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All posts by Ana Fuentes

QE wordcloud

“NCB risk bearing should be traded-off against a big QE”

In Europe

MADRID | By Ana Fuentes | Hours before ECB’s president Mario Draghi unveils its big easing program, we spoke to think tank Bruegel central banks’ expert Silvia Merler about an eventual national risk bearing. It could be a way to make QE more acceptable by Germany, she believes, although “it should be traded-off against a significant size” (meaning more than the €50bn purchases per month some market watchers are talking about).

eurozone inflation
In Europe

ECB’s time for truth

MADRID | By Ana Fuentes | It’s been the talk of the town for months, driving up demand for government bonds in the eurozone, pushing yields to record lows and heating the debate among market makers. And yet nobody knows the scope of the European Central Bank’s next move. The much-awaited quantitative easing (QE) program is expected to be officially announced after 14.30CET today and include controversial sovereign bond purchases of €50-70billion euros per month until the end of 2016. Is the ECB late? Will the ECB manage to spur growth in the eurozone with that amount? 

World economy

The Federal Reserve was all set for mid-2015. Is that still true?

SAO PAULO | By Marcus Nunes via Historinhas On December 2 2014, Stanley Fisher gave an interview (video) to Jon Hilsenrath of the WSJ. It was notable because Fischer had mostly been quiet, except for a couple of Lectures (not speeches) – herehere – given in international forums.  Six or seven weeks later, is that interview still pertinent? At that point oil prices stood at close to USD 70 and now they stand below 50. Mostly as a reflection of low global AD (here).The global scenario is changing quickly, and not for the better. So maybe Fischer is not so sure anymore. [Image:WSJ]


In Europe

“The ECB can implement quantitative easing in a much more aggressive way”

MADRID | January 5, 2015 | By Ana Fuentes | Dissensions at the ECB’s the Governing Council are well-known, and still have a long way to go. While some counselors require a truly expansive monetary policy which helps curbing the deflationary expectations, others deny these latter and therefore refuse to go further and define balance sheet expansion targets. Lorenzo Bini Smaghi, who was Member of the Executive Board of the European Central Bank from June 2005 to November 2011, is among those who believe that the ECB can take much stronger action.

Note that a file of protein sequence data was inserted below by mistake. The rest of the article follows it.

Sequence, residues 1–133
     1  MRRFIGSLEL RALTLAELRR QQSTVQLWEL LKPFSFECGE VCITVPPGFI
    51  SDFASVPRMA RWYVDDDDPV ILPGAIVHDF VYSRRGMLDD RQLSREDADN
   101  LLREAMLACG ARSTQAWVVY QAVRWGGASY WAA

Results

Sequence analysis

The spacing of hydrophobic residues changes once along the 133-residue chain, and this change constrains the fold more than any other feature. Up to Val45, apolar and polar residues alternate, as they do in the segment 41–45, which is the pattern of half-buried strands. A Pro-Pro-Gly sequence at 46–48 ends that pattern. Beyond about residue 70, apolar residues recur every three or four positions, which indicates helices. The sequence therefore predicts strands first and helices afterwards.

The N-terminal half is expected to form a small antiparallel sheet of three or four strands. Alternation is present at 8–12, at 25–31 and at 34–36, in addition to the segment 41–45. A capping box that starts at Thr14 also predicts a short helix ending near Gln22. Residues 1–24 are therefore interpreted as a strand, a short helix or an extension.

A man walks past a pre-election poster of the Democratic Alliance party at a bus station in Athens
In Europe

“If Syriza wants to obtain a better deal from Greece’s lenders, it will have to offer something in return”

MADRID | By Ana Fuentes | The possibility that leftist party SYRIZA wins next Greece’s elections on January 25th is hitting the European markets since this may involve a new kind of arrangement with Brussels about the country’s bailout and the precautionary line. According to Greek journalist at Macropolis, Nick Malkoutzis, “if the party offers structural reforms that would clean up Greek politics, improve tax collection and make the public administration more efficient, the Eurozone might be prepared to listen to what SYRIZA has to say”.

World economy

India under Modi –an entrepreneur’s view

BANGALORE | By Srikanth VasurajComing from a non-believer this is a big change when I say that I am actually glad that Mr. Narendra Modi has taken over the helm in India. He comes across like a breath of fresh air, speaking the language that people of India have been dying to hear for a long time. This is probably one of the reasons why he won with such a huge mandate. But now that the dust of elections has settled and having been in the hot seat for around six months, the honeymoon period is over and people are eagerly looking forward to delivery on all those promises. The people of India have delivered. Now its his turn.

World economy

“People forget that QE is a Japanese innovation”

MADRID | By Ana Fuentes | In a blow to PM Shinzo Abe, the Japanese inflation rate fell to its lowest level in over a year in November (0.7% from a 0.9% rise the previous month, according to government data released Friday), complicating efforts of the central bank to end more than a decade of chronic price falls. Does this mean, as stimulus sceptics put it, that the Abenomics are doomed? Advisor to the new government and one of the 100 Most Influential People for Japan according to Nikkei Business, William H. Saito believes we have been quick to judge their strategy. As he explained to me, they have “many plan B’s left.”